Magic Hour Unplugged with Kah Kit Yoong
Kah is another of my most favorite photographer. I first saw a photo of his in the Outdoor Photographer 2008 magazine issue, became an instant fan. He gives “Golden Hours Of Photography” its true meaning. His photography is evidence of the beautiful world out there yet to be seen by many of us.
He is also a member of Timecatcher.com, a team which comprises of wonderful photographers like Jay Patel and Patrick Fruscia and more ..
He was kind enough to answer a few questions of mine. They are posted below for you to read ..
KK: When you look at a photograph ( your own or your fellow photographer’s) what are the first 3 things (or more) you look at?
KKY: The first thing I notice is the composition, in particular whether it is well balanced or not. The concept of balance is a difficult one since it is more of a gut feel than anything to do with following or breaking the traditional ‘rules’. Often the next thing I notice is how the light has been used, whether it matches the subject and composition or not. The technique behind the photo should be invisible ideally. If there are glaring technical deficiencies, these may well be the first things I notice.
KK: When you compose a photograph, are you always sure that this composition would be the best or do you take multiple shots from different perspective and decide later when you download it to your computer?
KKY:You can never be sure that you have the best possible composition. I often walk around without taking any photos first to get a feel of the various perspectives. I may then take a few shots and study them on the LCD to see which works best. Once I have decided roughly where I want to shoot from, I can spend quite a bit of time making seemingly small adjustments which can have a big impact to the end result.
KK: Being a Nature/Landscape photographer, you need to be at the right place at the right time. How do you figure that out?
KKY: Most of my photos come about from simply turning up to the location and matching the light to the subject. Of course the light at the beginning and end of the day are usually more likely to give better results. I much prefer to chase good light and then find something suitable to photograph rather than finding a composition and waiting for the right conditions to appear.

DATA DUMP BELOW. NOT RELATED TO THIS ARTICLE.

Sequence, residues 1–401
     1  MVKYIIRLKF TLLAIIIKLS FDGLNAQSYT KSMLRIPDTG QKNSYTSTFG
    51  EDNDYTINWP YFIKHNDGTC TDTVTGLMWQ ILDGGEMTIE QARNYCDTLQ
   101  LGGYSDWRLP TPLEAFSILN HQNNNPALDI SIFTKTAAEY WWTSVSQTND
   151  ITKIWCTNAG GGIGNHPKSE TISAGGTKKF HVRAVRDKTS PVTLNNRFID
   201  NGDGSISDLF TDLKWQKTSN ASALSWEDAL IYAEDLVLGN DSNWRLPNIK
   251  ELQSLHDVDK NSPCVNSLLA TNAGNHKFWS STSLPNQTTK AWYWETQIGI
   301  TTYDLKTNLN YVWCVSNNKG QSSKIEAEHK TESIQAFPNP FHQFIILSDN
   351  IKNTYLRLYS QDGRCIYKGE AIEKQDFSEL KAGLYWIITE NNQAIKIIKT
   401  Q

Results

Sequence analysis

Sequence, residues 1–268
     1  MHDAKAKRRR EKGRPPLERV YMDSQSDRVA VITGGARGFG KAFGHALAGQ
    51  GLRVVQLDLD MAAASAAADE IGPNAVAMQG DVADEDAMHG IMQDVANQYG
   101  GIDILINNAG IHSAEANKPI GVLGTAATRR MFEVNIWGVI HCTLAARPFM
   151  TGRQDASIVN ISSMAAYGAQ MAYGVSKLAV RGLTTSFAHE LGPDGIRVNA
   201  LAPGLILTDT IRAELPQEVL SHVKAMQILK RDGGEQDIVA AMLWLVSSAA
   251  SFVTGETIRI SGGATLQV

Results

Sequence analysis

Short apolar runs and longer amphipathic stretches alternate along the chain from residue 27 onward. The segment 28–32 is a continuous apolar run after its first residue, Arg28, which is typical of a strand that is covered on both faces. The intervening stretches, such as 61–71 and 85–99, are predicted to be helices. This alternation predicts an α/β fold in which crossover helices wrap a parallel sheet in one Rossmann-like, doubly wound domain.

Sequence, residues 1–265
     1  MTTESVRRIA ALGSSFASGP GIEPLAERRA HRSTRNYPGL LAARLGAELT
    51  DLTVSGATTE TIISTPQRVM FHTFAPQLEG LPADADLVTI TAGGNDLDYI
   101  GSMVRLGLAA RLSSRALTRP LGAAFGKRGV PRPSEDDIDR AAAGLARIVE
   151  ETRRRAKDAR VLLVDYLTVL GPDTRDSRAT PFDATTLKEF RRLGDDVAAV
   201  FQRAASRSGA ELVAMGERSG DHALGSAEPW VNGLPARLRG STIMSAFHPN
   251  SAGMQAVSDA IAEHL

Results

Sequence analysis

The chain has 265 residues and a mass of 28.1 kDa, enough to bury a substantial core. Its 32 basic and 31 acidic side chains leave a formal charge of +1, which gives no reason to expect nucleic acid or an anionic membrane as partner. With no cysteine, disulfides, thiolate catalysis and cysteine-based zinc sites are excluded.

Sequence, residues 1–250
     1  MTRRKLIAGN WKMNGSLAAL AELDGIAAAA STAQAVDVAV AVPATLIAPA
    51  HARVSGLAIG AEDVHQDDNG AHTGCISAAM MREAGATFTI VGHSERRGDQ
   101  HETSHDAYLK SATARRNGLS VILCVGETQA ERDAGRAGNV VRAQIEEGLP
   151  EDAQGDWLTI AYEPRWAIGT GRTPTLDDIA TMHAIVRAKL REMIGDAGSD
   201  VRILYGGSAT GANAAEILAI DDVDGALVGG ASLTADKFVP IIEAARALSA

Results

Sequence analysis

KK: Do you have a favorite quote about photography? Taken from others or your own?
KKY: “To photograph is to hold one’s breath, when all faculties converge to capture fleeting reality. It’s at that precise moment that mastering an image becomes a great physical and intellectual joy.” Cartier-Bresson
KK: Are they any photographers you are inspired from? If so, please could you share their name and how do they inspire you?
KKY: I draw inspiration from many photographers these days, and not only from the landscape and travel genres. Too many to mention really. However when I first started photography in 2005, seeing the work of Marc Adamus and the Time Catcher team, made me want to become a landscape photographer.
KK: What is your advice for the new folks trying their hand at photography as a hobby or planning to go pro?
KKY:I get a lot of questions from people trying to discover what ‘secrets’ I might be using. The truth is that I developed my way of doing things through lots of practice, trial-and-error, hard work and problem-solving. Some of the new folk get so caught-up in trying to find short-cuts that they lose sight of the fact that the basics of photography : exposure, composition and using light can only be learnt through practice and experience.
Kah’s award winning work has been published in many popular and prestigious magazines including Nat Geo Traveler and Popular photography. You can follow him on his blog “Magic Hours unplugged“.